It is 39 Kilometres from the north coast town of Supetar to the south coast town of Bol, a very scenic trip through some small villages, with occasional orchards and vineyards scattered among the rocky,  but surprisingly green, countryside.  Don't expect to see much in the way of farm animals, you will be disappointed, there weren't many. Before meandering its way down to the village the road comes out high above Bol with spectacular views out over the ocean and down to the coast.

Dating back to Roman times Bol is the oldest coastal village on Brac. It is charming with narrow stone streets and wide, shady piazzas. A wander through the town takes you to the 11th century church of Saints Ivan and Tudor and to the 12th century Bishops Residence.  You can also see the remains of Roman Baths and Graves, the 15th century Summer palace and the 15th century chapel of Our Lady of Grace where you can view Tintoretto's Madonna and Child with Saints, behind the altar. It is a busy town, crammed with tourists in summer, the shore humming with cafes, bars and numerous small cruise boats coming and going.

We sat on the waters edge, soaking up the atmosphere, before moving to a cafe for cool drinks and then taking a leisurely wander through town.


Above and below: Bol



 Zlatni Rat is located 2 kilometres from the village along a promenade lined with pine trees, sculptures and gardens.  With two children in tow, and because it was a very hot day, we chose to get there aboard one of the the small boats, enjoying an attractive and relaxing trip along the coast.

Zlatni Rat is an unusual beach. Shaped like an arrow head it changes shape from time to time depending on the winds and the currents.  It is pebbly, as are all the beaches on Brac. Popular with yachties and wind and kite surfers the water is crystal clear and although cooler than the beaches on the north coast still very pleasant for swimming. Mountains sweep down to the coast here and the beach is backed by groves of pines fragranced with the scent of rosemary and thyme and,  ahem, hot chips. Unfortunately there are a number of fast food outlets scattered among the pines rather spoiling the ambiance but, I guess, a necessary evil when you have large crowds spending a day at the beach. I paddled in the sea and went for a wander through the pines while my family enjoyed a swim and a snack before we took the return boat to Bol.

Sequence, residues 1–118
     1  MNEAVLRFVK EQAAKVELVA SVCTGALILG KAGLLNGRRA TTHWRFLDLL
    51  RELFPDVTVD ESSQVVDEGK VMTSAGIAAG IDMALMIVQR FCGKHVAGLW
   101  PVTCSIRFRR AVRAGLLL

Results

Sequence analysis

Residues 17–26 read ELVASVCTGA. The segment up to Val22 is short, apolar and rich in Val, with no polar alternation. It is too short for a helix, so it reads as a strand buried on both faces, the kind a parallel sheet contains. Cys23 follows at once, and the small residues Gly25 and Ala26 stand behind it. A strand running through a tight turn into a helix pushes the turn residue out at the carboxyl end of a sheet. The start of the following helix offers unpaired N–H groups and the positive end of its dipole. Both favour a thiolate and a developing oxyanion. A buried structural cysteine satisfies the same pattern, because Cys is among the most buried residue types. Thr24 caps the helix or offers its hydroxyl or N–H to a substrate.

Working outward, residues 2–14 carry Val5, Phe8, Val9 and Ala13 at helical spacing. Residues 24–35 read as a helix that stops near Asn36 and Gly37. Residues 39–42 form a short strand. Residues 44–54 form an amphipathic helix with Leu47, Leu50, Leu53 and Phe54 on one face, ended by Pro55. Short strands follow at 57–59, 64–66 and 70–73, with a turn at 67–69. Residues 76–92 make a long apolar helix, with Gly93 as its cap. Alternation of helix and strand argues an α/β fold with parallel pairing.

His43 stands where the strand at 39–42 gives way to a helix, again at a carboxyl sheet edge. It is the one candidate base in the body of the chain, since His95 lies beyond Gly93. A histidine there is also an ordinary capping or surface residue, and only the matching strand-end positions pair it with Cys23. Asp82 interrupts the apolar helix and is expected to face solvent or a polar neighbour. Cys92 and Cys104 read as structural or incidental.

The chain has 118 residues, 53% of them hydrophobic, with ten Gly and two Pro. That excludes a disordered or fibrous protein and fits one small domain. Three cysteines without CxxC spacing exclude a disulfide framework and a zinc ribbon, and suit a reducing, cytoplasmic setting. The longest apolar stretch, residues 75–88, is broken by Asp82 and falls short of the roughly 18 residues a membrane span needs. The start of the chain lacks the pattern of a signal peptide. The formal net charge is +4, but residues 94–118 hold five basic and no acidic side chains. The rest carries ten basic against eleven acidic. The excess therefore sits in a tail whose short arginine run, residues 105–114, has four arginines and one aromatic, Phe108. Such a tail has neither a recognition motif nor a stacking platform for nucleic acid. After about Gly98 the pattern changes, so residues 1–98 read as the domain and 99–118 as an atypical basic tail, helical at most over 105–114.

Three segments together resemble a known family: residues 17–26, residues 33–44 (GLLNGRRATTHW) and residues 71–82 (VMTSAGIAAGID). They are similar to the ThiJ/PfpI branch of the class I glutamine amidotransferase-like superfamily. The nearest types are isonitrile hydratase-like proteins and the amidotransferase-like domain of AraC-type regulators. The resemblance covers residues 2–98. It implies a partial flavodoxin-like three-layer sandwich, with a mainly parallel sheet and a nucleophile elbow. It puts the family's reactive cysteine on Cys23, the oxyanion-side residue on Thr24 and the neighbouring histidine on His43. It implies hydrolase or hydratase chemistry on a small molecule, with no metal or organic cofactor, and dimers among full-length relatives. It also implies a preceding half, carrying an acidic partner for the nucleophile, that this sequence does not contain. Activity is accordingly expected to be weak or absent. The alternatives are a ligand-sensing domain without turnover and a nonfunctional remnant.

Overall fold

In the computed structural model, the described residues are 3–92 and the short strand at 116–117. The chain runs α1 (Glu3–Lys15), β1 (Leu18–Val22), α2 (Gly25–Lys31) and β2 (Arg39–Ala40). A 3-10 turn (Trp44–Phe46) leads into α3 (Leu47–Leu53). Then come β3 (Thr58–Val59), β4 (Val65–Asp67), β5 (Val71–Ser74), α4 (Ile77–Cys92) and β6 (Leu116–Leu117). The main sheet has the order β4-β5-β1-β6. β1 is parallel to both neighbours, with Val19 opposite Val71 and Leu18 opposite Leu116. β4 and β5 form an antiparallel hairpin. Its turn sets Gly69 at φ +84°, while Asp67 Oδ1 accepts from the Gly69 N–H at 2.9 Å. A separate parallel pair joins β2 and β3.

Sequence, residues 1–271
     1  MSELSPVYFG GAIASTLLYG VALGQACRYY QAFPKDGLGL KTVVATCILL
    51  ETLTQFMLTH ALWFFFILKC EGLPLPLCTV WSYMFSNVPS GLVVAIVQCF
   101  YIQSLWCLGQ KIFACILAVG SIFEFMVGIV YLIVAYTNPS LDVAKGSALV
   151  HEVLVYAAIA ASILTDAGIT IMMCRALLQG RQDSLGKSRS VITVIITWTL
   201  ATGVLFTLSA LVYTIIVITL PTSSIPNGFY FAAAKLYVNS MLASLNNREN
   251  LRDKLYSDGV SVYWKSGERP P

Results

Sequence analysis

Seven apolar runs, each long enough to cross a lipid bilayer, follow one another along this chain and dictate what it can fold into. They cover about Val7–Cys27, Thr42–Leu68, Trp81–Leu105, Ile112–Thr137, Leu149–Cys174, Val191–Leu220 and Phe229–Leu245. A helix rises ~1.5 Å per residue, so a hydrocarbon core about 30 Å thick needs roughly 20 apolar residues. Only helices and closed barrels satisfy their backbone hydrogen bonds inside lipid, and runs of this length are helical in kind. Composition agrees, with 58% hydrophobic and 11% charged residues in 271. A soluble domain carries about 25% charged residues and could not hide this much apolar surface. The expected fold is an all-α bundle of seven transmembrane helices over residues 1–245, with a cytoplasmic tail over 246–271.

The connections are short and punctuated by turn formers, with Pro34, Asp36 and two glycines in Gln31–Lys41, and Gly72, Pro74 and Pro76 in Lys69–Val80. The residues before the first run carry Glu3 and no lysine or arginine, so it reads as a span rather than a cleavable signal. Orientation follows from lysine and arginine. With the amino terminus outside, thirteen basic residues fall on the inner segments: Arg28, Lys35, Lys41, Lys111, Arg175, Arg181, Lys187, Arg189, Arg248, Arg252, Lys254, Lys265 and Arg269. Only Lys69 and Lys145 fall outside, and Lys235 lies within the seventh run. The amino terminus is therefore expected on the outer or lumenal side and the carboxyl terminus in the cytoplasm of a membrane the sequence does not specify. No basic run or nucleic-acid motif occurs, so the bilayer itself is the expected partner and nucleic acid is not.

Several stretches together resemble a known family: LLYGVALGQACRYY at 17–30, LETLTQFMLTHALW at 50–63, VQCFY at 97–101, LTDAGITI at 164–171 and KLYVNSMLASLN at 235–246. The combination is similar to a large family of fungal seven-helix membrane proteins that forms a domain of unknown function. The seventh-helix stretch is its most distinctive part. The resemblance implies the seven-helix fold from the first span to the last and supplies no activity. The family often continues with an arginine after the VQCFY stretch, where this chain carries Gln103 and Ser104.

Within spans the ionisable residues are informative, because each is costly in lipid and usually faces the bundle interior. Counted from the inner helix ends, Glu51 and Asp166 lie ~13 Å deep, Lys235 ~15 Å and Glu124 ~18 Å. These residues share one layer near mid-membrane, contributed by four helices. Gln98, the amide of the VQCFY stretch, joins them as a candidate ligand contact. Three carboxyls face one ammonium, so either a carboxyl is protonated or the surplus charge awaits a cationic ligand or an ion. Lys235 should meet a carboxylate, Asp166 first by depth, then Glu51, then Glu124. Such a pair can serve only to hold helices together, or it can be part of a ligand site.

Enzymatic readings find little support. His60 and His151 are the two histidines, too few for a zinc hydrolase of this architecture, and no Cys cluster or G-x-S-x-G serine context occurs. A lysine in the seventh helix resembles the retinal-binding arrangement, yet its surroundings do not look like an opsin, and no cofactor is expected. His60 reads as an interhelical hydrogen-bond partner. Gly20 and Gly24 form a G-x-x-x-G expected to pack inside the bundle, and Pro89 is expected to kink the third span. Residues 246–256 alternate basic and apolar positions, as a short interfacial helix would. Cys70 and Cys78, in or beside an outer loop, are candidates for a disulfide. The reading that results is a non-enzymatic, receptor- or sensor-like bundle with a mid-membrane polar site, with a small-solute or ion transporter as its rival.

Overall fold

Above and below: Zlatni Rat




So, what did I think of Zlatni Rat? Well I did not  particularly enjoy sitting cheek by jowl with hundreds of other people and to be honest I was a bit underwhelmed, but, hey, I come from New Zealand where we have hundreds of kilometres of golden sand beaches, often almost deserted, so I am pretty hard to impress when it comes to beaches. Maybe I'm not the best person to ask. And who am I to knock the many thousands of people who flock to Zlatni Rat? I'm glad I went there but had enjoyed the small beach we swam at  in Supetar more.  


















Right: Stina wine cellar, Bol

Above and below: two of the pretty villages we passed through on the bus trip


Back at Bol we visited the wine cellar of Stina Wines and enjoyed a glass of Croatian wine beside the harbour's edge. Very pleasant, as was the bus trip home taking a different route and passing through some lovely villages along the way. To sum up, Bol is well worth a visit.  It is a lovely, historic village and while you are there you should also visit Zlatni Rat, because, why not? and you may just love it.

Monday, 13 January 2020

Olive Oil Museum, Skrip, Brac, Croatia - A must!

My whole family loves olives and olive oil, that luscious, grassy, peppery, viscous liquid which makes nearly everything taste better. It was, therefore, a no brainer that we should take the short 9k trip from Supetar to the village of Skrip to visit the Olive Oil Museum. There is no bus service to Skrip but the taxi service is cheap. It takes only 10 minutes through lush countryside where the trees have been bent by the famous winter winds that sweep the island. (Note: We took the taxi driver's phone number and he returned for us when we called.)



Skrip is a tiny, sleepy, picturesque, village (pop 173), perched on a hill overlooking a deep valley. It is the oldest settlement on the island. Sleepy indeed, we didn't see a soul about as we drove between ancient stone houses to the museum. Not a fan of crowds I was loving it already.

The museum was originally a wine producing factory founded by the Krstulovc family in 1864. It was handed down through the generations and kept producing wine right up until 1963 when the cost of new technology became prohibitive. In 2013 Kruno Cukrov, the grandson of the founder, restored the mill, installed new technology and began producing oil again, opening up the old mill as a museum.